On October 12, 2002, Bali fell victim to the deadliest act of terrorism in Indonesia's history. Three bombs were detonated in busy nightclubs in the popular Kuta district, killing 202 people and injuring more than 200 others. Among the dead were 11 tourists from Hong Kong, 88 Australians and 38 Indonesians. Members of Jemaah Islamiyah, an extremist Islamist group, were convicted over the bombings and in November 2008 Imam Samudra, Amrozi Nurhasyim and Huda bin Abdul Haq were executed by firing squad.
Our editors will be looking ahead today to these developing stories ...
Remembering the Bali bombings
Commemorations take place in Indonesia and Hong Kong to mark the 10th anniversary of the Bali bombings. The 202 victims of the deadly nightclub attacks included 11 Hong Kong residents, and a wreath will be laid at the Hong Kong Football Club to remember them. Indonesia's deadliest terror attack, by the al-Qaeda-linked group Jemaah Islamiah, opened an Asia front in the "war on terrorism" one year after the September 11 attacks on the US.
Colm Toibin speaks at HK Literary Festival
Acclaimed author Colm Toibin speaks at the Hong Kong Literary Festival, exploring some of his characteristic themes and topics, from Irish politics to sexual politics, Spain to Henry James, emigration to Enniscorthy. The author of worldwide bestsellers such as The Master and Brooklyn will be in conversation with University of Hong Kong academic Dr Peter Kennedy.
Rafael Hui and 2 Kwok brothers return to court
Former chief secretary Rafael Hui Si-yan and tycoon brothers Thomas Kwok Ping-kwong and Raymond Kwok Ping-luen - co-chairmen of Sun Hung Kai Properties - are back in court to face charges of bribery and misconduct in public office. The trio were released on bail after being charged by the Independent Commission Against Corruption in July. No quick resolution is expected in the case, which experts believe could go for years.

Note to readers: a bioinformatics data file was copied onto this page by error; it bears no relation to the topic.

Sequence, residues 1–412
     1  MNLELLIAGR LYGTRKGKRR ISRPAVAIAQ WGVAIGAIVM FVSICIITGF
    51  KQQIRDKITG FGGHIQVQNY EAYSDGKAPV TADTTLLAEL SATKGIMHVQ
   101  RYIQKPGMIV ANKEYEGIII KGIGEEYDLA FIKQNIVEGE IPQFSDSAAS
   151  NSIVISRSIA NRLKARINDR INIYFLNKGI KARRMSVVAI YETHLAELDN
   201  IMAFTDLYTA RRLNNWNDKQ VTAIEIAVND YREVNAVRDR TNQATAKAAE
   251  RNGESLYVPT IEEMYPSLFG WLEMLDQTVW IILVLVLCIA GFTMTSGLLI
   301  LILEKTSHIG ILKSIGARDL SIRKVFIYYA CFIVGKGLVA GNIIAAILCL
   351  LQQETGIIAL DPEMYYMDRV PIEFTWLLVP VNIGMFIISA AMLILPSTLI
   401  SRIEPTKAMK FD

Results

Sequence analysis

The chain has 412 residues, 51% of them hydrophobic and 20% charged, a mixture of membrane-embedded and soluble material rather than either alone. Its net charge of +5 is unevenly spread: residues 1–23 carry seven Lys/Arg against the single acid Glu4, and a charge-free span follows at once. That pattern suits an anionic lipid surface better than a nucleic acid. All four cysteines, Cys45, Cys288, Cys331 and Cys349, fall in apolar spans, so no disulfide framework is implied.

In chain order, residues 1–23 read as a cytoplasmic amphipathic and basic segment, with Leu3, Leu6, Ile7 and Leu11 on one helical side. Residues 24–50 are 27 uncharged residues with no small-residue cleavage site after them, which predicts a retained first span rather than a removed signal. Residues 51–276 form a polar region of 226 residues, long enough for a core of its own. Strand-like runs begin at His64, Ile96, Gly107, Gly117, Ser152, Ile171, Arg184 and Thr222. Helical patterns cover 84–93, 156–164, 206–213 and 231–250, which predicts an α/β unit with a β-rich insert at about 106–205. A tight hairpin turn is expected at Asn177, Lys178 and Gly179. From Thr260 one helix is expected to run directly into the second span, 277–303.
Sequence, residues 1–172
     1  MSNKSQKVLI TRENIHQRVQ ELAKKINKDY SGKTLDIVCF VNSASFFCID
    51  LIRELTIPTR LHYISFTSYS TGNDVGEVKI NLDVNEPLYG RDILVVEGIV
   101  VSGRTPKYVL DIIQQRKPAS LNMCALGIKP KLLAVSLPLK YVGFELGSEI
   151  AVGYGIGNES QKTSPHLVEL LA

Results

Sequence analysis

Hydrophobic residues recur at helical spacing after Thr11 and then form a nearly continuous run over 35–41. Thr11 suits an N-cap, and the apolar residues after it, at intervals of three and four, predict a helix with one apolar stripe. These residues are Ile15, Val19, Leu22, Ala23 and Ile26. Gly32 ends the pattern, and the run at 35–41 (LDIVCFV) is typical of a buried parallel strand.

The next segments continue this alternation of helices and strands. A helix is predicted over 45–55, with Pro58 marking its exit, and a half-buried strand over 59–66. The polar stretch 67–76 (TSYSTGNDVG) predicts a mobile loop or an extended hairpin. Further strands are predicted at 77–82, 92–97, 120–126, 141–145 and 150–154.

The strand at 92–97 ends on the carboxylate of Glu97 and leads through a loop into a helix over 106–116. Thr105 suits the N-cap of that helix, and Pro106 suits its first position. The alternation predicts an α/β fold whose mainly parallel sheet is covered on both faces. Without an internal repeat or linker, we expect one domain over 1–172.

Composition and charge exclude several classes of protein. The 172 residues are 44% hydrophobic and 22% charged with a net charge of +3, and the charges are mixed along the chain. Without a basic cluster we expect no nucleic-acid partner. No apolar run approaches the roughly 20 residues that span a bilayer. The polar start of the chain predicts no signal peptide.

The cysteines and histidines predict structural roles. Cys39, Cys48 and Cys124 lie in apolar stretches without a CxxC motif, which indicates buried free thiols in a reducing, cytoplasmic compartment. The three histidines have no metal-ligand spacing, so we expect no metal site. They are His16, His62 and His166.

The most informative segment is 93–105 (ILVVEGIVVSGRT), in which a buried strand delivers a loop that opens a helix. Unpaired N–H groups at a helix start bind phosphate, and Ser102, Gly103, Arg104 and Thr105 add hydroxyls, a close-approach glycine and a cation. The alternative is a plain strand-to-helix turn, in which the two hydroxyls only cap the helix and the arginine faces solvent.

First report on police killings at Lonmin mine
A commission appointed by South African President Jacob Zuma to investigate the killing by police of 34 striking miners at the Lonmin platinum mine in Marikana issues its first monthly report. The violence towards the strikers shocked South Africa, bringing back unhappy memories of the apartheid era. The commission of inquiry is being chaired by Ian Farlam, a retired Supreme Court of Appeal judge, and is due to issue a final report in January.
Singapore figures may show recession
Singapore is due to release economic growth statistics that may show that the island republic slipped into recession in the third quarter. Economists polled by Reuters expect the Monetary Authority of Singapore to ease policy slightly by slowing the currency's pace of appreciation against its main trading partners.
Most powerful Ferrari yet comes to city
The city's super rich get a glimpse of the latest luxury sports car at an exclusive event at The Repulse Bay when distributor Italian Motors welcomes potential buyers to inspect Ferrari's F12 Berlinetta. Unveiled in March at the Geneva Motor Show, the 12-cylinder, 730-horsepower grand tourer is the most powerful road-legal model ever produced by the Italian firm, which also makes Formula One cars.